Published on 2nd March 2017
Dealing with an ageing population has been an increasing concern for a number of years now. “Pensions freedoms” have been one aspect of encouraging people to save for their later life. Not to put too fine a point on it, the changes made to paying for care in later life are another aspect of the same topic. In simple terms, it allows people to keep more of their money if they need care in their senior years. Presumably the government hopes that this will motivate people to save (more).
The Care Act actually contains a lot of changes to social care provision, but there are two which stand out.
At current time, people with capital and savings of less than £14,250 have the cost of care paid for them in its entirety, people with a net worth of between £14,250 and £23,250 receive some level of assistance and people who have more than £23,250 must fund the entire cost of care themselves. From April 2020, people with capital and savings of less than £17,000 will have their care costs paid in full and those with a net worth of between £17,001 and £118,000 will be eligible for some form of assistance and only those with a net value of more than £118,000 will need to meet the cost of their care in full – up to a maximum of £72,000.
The other stand out feature of the Care Act is that the amount an individual will have to pay towards eligible care will be capped at £72,000. Eligible care can include care at home as well as spending time in residential care. It is important to note that the actual cost of bed and board in a care home is excluded from the cap, but will itself be capped at £12,000 per year.
For more information go to http://www.ageuk.org.uk/home-and-care/the-care-act/
One of the most important points to note about the Care Act is that the amount of help you will receive will be based on two factors, which are assessed by your local authority:
In other words, your local authority will only pay for care which they agree you need and at a rate they assess (rather than based on what you actually pay). Given that the implementation of these changes is still three years away, it is arguably far too early to say what effect, if any, these facts will have in practice, although it is probably fair to say that it is always a good idea to aim to have funds available so that you can afford to pay for care which meets your expectations, rather than being obliged to accept your local authority’s point of view. It is also too early to know the details of exactly how this new approach will be administered in a practical sense. The basic principle behind them will be that local authorities will create “Care Accounts” for older people, which will be used to keep track of who has paid for what. Presumably this will involve some degree of paperwork for older adults.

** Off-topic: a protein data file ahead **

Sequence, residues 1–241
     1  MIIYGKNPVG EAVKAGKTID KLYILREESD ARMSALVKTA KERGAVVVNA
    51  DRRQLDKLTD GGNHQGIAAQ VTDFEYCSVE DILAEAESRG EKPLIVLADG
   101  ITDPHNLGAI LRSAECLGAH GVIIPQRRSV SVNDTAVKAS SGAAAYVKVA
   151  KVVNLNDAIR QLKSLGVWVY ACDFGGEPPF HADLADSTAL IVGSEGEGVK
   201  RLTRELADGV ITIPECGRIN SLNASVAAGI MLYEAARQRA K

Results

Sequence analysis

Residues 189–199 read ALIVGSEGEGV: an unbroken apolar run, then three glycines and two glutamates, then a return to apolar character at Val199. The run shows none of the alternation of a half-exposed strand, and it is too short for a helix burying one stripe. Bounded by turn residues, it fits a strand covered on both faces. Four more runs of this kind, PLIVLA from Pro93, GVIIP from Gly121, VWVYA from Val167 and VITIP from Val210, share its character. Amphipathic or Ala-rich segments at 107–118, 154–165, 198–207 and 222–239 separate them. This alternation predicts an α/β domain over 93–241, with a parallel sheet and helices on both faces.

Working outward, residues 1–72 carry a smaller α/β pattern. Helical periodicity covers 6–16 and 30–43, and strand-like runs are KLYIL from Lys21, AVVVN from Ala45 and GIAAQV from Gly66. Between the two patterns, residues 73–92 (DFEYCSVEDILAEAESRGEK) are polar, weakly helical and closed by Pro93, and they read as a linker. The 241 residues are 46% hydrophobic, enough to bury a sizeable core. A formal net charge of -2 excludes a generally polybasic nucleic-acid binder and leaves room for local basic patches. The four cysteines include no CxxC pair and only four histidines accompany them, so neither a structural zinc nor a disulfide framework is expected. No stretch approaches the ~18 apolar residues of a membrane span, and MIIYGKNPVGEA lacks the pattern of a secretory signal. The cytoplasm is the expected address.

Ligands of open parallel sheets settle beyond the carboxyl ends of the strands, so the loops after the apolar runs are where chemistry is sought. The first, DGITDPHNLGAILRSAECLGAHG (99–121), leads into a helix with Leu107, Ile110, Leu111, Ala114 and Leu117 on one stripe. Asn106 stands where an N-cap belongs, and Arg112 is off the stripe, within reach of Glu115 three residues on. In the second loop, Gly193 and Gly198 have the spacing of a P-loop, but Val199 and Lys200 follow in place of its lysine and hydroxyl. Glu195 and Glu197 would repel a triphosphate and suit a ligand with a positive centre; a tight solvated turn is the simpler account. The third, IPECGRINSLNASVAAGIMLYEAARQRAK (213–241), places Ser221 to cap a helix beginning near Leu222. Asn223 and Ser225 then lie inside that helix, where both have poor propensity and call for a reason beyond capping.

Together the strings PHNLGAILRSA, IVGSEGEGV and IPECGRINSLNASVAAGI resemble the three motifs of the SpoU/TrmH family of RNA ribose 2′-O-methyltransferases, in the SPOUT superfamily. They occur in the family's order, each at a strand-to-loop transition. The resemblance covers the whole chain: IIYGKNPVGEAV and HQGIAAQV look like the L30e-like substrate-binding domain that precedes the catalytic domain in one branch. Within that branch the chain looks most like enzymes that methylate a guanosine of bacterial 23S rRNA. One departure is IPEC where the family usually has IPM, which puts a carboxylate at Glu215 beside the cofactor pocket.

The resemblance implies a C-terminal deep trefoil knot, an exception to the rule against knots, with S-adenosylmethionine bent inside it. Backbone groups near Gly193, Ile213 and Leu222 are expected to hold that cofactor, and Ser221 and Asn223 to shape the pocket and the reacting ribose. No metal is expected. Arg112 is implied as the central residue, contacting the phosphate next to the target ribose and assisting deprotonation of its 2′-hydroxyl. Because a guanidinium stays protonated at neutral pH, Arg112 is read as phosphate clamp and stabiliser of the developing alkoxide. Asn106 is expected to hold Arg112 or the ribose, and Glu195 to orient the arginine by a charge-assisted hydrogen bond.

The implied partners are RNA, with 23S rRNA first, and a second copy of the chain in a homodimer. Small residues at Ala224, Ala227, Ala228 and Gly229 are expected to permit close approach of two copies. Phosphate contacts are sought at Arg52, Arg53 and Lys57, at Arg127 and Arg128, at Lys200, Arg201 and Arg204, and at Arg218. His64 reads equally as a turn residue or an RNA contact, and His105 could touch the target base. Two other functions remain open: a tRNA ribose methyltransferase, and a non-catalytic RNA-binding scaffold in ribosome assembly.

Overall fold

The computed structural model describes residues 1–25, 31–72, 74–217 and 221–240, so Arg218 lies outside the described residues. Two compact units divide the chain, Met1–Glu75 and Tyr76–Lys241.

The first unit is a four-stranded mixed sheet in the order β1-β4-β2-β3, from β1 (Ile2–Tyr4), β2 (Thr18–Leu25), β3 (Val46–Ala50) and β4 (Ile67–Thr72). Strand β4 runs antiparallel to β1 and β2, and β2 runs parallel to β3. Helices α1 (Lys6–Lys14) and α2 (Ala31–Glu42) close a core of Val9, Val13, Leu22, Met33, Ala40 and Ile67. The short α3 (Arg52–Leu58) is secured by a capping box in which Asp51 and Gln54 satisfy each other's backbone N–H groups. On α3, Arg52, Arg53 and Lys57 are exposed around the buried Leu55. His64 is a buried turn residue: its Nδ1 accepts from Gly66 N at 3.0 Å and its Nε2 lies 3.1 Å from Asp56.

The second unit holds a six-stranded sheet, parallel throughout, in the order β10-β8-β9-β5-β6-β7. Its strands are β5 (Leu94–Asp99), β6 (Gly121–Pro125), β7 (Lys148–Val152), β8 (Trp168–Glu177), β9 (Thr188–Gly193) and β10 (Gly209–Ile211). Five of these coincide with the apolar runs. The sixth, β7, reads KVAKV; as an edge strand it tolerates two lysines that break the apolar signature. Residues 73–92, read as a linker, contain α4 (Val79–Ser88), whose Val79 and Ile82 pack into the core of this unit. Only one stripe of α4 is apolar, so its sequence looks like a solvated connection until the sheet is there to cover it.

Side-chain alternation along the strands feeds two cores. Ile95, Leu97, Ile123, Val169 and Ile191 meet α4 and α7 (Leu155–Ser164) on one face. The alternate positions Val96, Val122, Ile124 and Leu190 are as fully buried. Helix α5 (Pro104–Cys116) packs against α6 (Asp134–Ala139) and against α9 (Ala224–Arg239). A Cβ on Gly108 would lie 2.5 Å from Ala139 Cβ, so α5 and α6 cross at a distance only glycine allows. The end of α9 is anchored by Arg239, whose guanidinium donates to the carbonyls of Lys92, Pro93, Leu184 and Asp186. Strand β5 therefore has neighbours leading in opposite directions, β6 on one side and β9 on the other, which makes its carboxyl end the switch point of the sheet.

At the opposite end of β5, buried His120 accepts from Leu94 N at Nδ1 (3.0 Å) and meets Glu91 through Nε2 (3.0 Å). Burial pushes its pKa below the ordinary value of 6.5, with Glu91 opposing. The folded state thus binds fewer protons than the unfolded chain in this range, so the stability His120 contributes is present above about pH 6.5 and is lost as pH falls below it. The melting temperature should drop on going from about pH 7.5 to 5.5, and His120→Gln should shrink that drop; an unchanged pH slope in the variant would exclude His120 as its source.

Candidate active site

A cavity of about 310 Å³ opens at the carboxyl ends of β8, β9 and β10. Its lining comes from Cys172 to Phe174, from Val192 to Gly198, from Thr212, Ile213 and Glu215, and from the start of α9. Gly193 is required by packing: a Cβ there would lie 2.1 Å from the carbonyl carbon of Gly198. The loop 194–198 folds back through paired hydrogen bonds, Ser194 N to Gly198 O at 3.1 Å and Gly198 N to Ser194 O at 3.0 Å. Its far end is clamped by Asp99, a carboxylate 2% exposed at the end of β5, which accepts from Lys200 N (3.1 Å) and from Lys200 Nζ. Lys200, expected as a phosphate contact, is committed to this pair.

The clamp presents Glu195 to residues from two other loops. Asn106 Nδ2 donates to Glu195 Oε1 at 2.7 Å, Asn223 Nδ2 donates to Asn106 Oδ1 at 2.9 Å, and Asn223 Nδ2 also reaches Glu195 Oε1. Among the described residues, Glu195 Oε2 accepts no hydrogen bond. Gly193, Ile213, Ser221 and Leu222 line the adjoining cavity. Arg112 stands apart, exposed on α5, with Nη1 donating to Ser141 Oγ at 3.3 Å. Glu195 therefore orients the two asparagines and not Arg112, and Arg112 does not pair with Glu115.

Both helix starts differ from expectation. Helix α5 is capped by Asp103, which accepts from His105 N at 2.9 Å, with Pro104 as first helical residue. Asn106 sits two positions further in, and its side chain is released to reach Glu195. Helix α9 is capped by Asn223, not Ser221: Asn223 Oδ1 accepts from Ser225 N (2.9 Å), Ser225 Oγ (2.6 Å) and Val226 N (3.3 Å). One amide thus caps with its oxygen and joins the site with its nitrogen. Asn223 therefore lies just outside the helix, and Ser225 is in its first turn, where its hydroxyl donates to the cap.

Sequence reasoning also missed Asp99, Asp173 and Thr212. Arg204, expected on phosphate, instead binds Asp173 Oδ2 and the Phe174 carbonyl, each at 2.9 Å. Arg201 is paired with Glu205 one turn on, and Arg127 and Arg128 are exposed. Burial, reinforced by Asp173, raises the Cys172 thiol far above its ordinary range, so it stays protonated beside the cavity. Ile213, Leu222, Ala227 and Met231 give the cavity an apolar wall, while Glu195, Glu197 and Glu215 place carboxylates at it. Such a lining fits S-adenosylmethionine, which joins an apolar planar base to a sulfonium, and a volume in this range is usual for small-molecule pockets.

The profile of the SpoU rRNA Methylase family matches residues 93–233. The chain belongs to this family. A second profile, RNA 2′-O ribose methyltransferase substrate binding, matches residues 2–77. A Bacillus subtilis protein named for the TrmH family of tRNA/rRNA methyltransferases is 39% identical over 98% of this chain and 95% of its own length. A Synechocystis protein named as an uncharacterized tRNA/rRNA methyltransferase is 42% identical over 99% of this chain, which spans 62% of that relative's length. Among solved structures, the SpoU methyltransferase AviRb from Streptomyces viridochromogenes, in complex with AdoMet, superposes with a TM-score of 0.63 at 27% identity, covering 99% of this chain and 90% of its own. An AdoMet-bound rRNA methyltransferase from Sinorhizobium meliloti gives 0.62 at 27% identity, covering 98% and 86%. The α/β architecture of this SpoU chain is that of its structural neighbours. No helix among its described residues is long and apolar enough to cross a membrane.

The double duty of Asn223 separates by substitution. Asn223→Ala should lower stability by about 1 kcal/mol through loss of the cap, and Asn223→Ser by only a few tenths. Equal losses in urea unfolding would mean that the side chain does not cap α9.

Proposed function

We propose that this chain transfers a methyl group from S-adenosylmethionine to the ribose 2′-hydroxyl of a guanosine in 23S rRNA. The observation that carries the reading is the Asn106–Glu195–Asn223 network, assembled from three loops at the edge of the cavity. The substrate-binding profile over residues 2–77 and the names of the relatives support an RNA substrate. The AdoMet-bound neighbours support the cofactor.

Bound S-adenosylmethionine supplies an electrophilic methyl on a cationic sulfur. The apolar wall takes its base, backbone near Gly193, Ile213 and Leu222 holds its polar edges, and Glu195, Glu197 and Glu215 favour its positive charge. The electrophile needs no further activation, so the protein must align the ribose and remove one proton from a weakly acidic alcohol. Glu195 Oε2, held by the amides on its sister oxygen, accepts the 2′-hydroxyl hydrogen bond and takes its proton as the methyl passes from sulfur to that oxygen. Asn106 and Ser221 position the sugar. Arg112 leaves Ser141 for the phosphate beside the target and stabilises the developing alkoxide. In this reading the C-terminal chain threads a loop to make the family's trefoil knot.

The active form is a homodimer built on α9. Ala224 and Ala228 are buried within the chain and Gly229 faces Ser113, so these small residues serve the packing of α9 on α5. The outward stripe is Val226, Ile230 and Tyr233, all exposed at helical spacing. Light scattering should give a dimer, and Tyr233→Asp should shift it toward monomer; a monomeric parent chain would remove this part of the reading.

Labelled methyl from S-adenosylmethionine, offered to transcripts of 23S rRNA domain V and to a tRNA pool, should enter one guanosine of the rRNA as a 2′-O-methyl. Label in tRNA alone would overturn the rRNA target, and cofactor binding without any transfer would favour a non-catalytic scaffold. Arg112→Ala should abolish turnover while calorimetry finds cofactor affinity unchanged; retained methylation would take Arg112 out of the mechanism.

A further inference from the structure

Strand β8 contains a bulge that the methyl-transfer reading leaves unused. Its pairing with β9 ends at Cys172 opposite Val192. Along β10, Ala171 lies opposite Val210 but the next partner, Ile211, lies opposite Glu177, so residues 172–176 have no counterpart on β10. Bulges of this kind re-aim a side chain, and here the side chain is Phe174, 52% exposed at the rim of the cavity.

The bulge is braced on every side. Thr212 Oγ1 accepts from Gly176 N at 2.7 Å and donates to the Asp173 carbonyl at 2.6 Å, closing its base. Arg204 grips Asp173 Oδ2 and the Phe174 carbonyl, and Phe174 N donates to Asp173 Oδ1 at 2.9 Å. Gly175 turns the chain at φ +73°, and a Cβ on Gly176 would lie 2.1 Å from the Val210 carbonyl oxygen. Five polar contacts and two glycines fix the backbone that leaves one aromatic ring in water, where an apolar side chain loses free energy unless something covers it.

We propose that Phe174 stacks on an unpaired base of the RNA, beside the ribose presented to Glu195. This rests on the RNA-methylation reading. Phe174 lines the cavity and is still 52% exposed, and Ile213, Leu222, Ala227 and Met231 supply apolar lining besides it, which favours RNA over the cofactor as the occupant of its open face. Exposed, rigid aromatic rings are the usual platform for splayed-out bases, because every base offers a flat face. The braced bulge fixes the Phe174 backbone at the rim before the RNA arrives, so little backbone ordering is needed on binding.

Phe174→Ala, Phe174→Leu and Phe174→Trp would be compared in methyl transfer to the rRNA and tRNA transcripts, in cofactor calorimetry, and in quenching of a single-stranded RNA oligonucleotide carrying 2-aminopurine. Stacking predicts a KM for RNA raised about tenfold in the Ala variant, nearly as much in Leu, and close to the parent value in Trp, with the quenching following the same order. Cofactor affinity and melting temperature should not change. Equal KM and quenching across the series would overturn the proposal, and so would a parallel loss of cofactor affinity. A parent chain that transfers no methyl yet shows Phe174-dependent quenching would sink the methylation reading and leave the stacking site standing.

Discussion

In modern times, the concept of old age has become something of a contradiction. On one hand, older people can be some of the most active people around and on the other, it’s still very much the case that some older people can be vulnerable and need extensive care. Realistically as we age, our bodies become more vulnerable to illness and injury and we need longer recovery time, so a spell in care is a distinct possibility for many people. With this in mind, even younger people should look at the question of financing their later years as being a core part of their financial planning.